Jan 142009

For years we’ve played a family road-trip game in Colorado of “Elk, Deer, Antelope”. Basically the goal is to be first to see one of each on a trip, and we stretch this to include Bighorn Sheep/Moose when the country allows. Seeing deer is easy, they are often grazing up on the hillside, and Elk (when seen) are often in big herds, so stand out. Pronghorn are the most elusive because even when in plain sight they blend in so well.

Pronghorns Galore

I find them almost out of place on the Colorado plains, as if they came over from Africa and chose to stay (like me from the UK.) They are impressive (the second fastest land animal) and it is hard to see what natural predators they have out here. Watching them bolt, full speed across the ground, is a treat. Normally the stand or sit (bedded) and watch you go by w/o noticing them. Again, their coloring helps them blend in.

My tip for seeing Pronghorn is to visit here in the winter:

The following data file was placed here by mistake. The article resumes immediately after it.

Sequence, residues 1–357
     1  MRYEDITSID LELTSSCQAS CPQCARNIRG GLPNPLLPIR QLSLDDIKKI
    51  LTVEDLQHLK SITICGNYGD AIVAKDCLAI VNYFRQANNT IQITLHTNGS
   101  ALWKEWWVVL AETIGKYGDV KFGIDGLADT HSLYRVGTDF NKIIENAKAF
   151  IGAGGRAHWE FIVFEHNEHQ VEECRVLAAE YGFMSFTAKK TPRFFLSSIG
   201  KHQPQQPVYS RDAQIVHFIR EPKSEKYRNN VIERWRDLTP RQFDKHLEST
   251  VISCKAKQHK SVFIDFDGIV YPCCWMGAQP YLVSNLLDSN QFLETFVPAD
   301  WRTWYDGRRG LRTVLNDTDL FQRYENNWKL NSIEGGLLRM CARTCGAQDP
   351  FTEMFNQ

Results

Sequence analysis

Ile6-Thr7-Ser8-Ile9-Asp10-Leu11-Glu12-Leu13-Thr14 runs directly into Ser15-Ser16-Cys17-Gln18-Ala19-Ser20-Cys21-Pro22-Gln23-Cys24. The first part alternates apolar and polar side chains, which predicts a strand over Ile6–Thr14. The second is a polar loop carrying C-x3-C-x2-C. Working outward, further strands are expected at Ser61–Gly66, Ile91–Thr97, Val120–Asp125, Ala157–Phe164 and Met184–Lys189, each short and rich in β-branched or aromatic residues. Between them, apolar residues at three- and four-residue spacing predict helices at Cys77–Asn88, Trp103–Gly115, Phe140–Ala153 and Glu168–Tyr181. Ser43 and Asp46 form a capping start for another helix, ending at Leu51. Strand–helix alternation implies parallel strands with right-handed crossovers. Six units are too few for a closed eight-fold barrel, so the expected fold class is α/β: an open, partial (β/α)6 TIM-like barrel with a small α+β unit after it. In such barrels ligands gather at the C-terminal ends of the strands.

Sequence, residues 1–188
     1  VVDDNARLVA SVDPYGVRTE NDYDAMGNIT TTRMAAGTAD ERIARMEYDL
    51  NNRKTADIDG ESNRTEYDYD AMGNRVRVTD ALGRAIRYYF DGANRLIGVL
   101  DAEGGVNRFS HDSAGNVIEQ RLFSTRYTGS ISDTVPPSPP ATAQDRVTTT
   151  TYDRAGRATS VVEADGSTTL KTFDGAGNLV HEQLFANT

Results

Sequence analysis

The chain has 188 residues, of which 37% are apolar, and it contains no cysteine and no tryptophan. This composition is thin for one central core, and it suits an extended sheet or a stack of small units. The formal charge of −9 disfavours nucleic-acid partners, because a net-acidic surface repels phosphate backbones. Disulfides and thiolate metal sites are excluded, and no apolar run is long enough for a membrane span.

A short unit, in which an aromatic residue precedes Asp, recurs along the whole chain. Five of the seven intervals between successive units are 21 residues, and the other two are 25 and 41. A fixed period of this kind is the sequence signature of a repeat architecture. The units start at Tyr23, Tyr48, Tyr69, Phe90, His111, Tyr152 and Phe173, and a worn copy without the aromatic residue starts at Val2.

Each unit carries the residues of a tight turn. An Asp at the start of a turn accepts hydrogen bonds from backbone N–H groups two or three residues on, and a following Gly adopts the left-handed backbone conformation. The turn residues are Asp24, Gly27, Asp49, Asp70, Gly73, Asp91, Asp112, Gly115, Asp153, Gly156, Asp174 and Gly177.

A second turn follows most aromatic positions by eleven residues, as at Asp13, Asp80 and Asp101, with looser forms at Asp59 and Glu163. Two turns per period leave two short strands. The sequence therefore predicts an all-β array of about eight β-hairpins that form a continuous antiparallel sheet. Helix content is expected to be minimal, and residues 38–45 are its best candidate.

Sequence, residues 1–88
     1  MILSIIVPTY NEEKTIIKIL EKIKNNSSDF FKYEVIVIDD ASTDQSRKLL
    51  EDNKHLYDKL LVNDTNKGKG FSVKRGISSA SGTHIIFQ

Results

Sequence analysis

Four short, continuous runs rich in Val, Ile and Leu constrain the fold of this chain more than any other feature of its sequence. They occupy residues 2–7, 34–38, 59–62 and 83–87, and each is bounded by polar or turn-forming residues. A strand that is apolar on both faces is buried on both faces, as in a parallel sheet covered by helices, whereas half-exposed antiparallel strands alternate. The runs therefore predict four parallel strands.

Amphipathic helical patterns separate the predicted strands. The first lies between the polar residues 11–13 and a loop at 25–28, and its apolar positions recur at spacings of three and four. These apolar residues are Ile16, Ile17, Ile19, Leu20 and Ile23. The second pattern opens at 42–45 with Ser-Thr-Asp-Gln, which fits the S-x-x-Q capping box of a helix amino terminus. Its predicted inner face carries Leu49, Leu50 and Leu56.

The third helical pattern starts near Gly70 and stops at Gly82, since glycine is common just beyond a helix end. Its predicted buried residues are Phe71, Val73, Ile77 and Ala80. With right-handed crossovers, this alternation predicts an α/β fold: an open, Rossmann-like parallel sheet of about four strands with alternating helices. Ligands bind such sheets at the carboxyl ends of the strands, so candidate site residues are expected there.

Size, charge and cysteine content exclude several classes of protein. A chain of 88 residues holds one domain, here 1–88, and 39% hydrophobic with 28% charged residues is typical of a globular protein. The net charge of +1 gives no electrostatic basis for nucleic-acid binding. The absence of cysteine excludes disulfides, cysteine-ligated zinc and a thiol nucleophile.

Eleven Mile State Park, CO

This is an impressive park, especially in the winter. The reservoir is large, and the park around it sits in the open plains exposed to the elements, and most rugged. The ice seem peaceful (as do the groups of ice fishermen) but on a warm CO winter day there are still wonders to see. Amusingly I’ve come across ‘wild’ herds of donkey and llamas on two trips; both coming to visit the car out of curiosity. Harrier scoured the land looking for small rodents. A barren landscape, but a good snowshoe (and possibly cross country ski) spot.

Last year I saw hundreds (quite possibly a thousand) of these guy on one afternoon. I drove the loop from Lake George to here and back (going the back roads) and did an almost 360 around the lake (as  much as roads & some trails allowed.) I started by seeing one or two herds of Pronghorn up on the hills, but soon I was in the thick of them. Both sides of the road, in small/large groups, crossing the road. Everywhere. WOW. I guess they’ve found a relatively protected place to winter.

This year I saw only a hundred or so. I suspect the important factor is time of year, last year I was there in March.

Great seeing them.